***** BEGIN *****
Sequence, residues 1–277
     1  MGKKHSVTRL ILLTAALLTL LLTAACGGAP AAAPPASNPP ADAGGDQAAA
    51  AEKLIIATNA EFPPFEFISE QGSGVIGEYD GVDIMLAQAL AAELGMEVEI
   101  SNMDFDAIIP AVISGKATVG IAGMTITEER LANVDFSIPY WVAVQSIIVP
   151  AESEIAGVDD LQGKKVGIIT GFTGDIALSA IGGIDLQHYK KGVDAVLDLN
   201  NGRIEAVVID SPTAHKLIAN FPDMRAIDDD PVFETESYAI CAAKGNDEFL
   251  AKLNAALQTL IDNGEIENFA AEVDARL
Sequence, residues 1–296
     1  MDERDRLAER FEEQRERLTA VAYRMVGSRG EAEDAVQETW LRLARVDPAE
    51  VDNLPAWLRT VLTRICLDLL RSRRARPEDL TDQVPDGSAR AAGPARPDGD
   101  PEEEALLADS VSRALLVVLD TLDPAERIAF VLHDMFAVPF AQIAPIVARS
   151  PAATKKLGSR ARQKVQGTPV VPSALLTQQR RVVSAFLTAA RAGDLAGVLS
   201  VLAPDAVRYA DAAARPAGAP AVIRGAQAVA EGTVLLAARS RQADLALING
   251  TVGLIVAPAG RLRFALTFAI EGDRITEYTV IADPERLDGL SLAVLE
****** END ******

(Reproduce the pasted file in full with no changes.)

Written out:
Sequence, residues 1–277
     1  MGKKHSVTRL ILLTAALLTL LLTAACGGAP AAAPPASNPP ADAGGDQAAA
    51  AEKLIIATNA EFPPFEFISE QGSGVIGEYD GVDIMLAQAL AAELGMEVEI
   101  SNMDFDAIIP AVISGKATVG IAGMTITEER LANVDFSIPY WVAVQSIIVP
   151  AESEIAGVDD LQGKKVGIIT GFTGDIALSA IGGIDLQHYK KGVDAVLDLN
   201  NGRIEAVVID SPTAHKLIAN FPDMRAIDDD PVFETESYAI CAAKGNDEFL
   251  AKLNAALQTL IDNGEIENFA AEVDARL
Sequence, residues 1–296
     1  MDERDRLAER FEEQRERLTA VAYRMVGSRG EAEDAVQETW LRLARVDPAE
    51  VDNLPAWLRT VLTRICLDLL RSRRARPEDL TDQVPDGSAR AAGPARPDGD
   101  PEEEALLADS VSRALLVVLD TLDPAERIAF VLHDMFAVPF AQIAPIVARS
   151  PAATKKLGSR ARQKVQGTPV VPSALLTQQR RVVSAFLTAA RAGDLAGVLS
   201  VLAPDAVRYA DAAARPAGAP AVIRGAQAVA EGTVLLAARS RQADLALING
   251  TVGLIVAPAG RLRFALTFAI EGDRITEYTV IADPERLDGL SLAVLE